The Ten Most Impressive Debuts At The 2009 Detroit Motor Show

2010 Buick LaCrosse

Buick keeps telling us it’s going after Lexus, but the Enclave is the closest the company has come to a serious effort. Now, the chase intensifies with the introduction of the new LaCrosse. Styled after last year’s Invicta concept, which was penned jointly by studios in the U.S. and China—the latter being Buick’s biggest market—the 2010 LaCrosse resembles a Lexus in profile and proves that semi derivative Chinese designs spiced with American input can actually be pretty good looking.

Cadillac Converj Concept

It seems as though the nearer the Chevrolet Volt gets to production,the higher its price climbs. GM officials claim a higher potential price had nothing to do with the creation of the Cadillac Converj concept—which is built on the Volt’s platform and uses the same drivetrain technology—but the premium brand could charge more for the same mechanicals and offer GM a way to at least lose less money per unit sold, and maybe even turn a profit.

2010 Cadillac SRX

We’re going to miss the old SRX, which was built on a rear-drive platform shared with the last-generation CTS; it took second place in our last luxury sport-ute comparo despite being one of the oldest vehicles present. The 2010 SRX poses a familiar risk for GM and will test whether or not consumers are willing to pay a premium for a Cadillac version of a vehicle that is available for significantly less in Saturn or Chevrolet form, as the Vue and the Equinox are built on the same platform.

2010 Chevrolet Equinox

It’s small, versatile, and spacious—compared to a grocery bag—but the current Chevrolet Equinox isn’t very nice. With cheapy plastics and panel gaps so large you could misplace your children in them, the Equinox was a paragon of GM’s cost-cutting
interiors. The 2010 Equinox not only gets contemporary and dressier sheetmetal, but interior cues from the new Malibu and materials from a factory that probably doesn’t employ overheated children make for a stylish abode. Direct-injection powerplants promise competitive power, too.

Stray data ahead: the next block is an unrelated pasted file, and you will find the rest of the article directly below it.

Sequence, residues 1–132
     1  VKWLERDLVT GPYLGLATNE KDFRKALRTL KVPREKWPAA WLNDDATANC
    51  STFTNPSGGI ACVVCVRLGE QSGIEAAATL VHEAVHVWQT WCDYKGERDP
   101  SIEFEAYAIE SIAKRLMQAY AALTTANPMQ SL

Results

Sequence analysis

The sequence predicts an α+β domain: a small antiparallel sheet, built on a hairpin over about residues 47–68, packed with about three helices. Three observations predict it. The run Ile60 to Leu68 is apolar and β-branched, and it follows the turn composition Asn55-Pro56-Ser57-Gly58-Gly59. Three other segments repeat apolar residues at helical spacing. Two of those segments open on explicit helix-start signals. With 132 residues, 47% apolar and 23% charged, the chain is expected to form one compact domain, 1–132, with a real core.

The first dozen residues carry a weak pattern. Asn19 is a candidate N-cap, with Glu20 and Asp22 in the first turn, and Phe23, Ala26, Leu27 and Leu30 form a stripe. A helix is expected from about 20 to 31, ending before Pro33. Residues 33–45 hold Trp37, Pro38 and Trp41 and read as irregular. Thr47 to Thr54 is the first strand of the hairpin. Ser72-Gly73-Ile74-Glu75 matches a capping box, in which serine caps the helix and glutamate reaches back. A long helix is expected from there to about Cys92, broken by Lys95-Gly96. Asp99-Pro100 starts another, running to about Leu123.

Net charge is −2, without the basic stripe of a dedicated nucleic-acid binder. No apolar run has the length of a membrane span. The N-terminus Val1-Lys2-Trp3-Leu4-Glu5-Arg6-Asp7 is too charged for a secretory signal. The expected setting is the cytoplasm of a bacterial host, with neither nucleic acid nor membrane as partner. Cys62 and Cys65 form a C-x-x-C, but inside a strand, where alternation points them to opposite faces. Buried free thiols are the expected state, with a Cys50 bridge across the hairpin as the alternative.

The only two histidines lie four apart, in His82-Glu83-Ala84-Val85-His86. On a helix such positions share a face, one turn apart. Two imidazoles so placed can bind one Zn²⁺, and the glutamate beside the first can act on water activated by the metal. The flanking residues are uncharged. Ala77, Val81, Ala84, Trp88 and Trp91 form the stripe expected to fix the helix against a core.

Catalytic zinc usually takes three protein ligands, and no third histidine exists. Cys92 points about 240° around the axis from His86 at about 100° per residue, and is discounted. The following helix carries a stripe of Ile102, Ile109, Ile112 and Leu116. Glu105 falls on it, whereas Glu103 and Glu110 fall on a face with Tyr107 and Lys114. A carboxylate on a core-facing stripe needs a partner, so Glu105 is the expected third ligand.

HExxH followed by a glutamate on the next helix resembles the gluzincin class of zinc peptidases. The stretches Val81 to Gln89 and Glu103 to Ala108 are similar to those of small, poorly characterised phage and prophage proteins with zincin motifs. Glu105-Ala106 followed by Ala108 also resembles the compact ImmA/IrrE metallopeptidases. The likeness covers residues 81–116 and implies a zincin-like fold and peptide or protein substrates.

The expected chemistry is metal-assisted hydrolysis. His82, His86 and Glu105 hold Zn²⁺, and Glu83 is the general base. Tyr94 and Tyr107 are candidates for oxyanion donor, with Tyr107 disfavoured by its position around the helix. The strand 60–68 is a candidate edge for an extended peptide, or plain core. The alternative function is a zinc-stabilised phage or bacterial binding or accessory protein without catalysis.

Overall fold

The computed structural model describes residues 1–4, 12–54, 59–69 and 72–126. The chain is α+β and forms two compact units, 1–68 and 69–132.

Chrysler 200C EV Concept

When the Sebring debuted in 2006, the automotive world let out a horrified gasp so large the National Weather Service registered it as a rogue weather system. Cars like the 200C concept are exactly the sorts of products Chrysler needs to build if it wants to stay in business. Chrysler has a flotilla of EV concepts in limbo right now, but has nothing in its current or future stable that looks this good, and we expect something very similar to this to replace the sheetmetal on the Sebring soon.

2010 Ford Taurus

The first-ever Taurus set the world on fire, but the only burning inspired by the current model is ulcerous inflammations in the guts of Ford execs and salespeople. Somehow, a high h-point coupled with ultra-bland styling failed to ignite any passion in the buying public. Ford will remedy that in 2010 with this thoroughly refreshed model, which finally returns some real style to the nameplate. The nose is
downright handsome, the rear streamlined and elegant. And this Taurus is likely to usher in a new era of SHO performance with a 355-hp twin-turbo V-6 and all-wheel drive.

2009 Honda Insight

The Insight started the mass-produced hybrid craze in 1999 but disappeared when other, more user-friendly hybrids appeared, hung it from a locker by its underwear, and stole all the little tin can’s market share. Now the Insight name is back, albeit attached to a more-mature, complete car with more luxury than just a single speaker and an AM radio, but unfortunately without super-trendy fender skirts. As a bonus, when it appears on the market, it should be the cheapest hybrid vehicle available in the U.S.

Lincoln C Concept

One of a few real surprises at this year’s show, the C Concept is the first look at what a future small Lincoln could look like. Although the company is traditionally known for its big luxo-barges, its biggest seller in 2008 was the mid-size MKZ, with
30,117 units moved. Could Lincoln take another step downmarket? BMW and Mini have made small premium, and Lincoln execs tell us the C fits on the Volvo C30’s platform, hinting that it could see production.

2010 Lincoln MKT

While fuel prices have recovered from their spike last summer, sales of gimungous status symbols like the Lincoln Navigator have not. This new six- or seven-passenger crossover should staunch some of the family-hauling flow from Lincoln showrooms, while the available 355-hp twin-turbo V-6 will satisfy the power hungry. You won’t be able to tow your boat with the MKT as you can with the body-on-frame Navigator, but the crossover will ride much more like a Lincoln should.

2010 Toyota Prius

No other hybrid is as celebrated—or loathed—as the Toyota Prius (Pious?), and the new model gets more powerful and pious by way of a 98-hp inline-four that, although 22-hp more powerful than the outgoing car, still manages to improve on its fuel economy. Expect a combined fuel-economy rating of 50 mpg, compared to 46 for the current car. With environmental responsibility now separate from fuel economy as a motivator in new-car decisions—but equally potent—the Prius will remain a hot seller and easy soapbox regardless of gas prices, and the competition will only get better.


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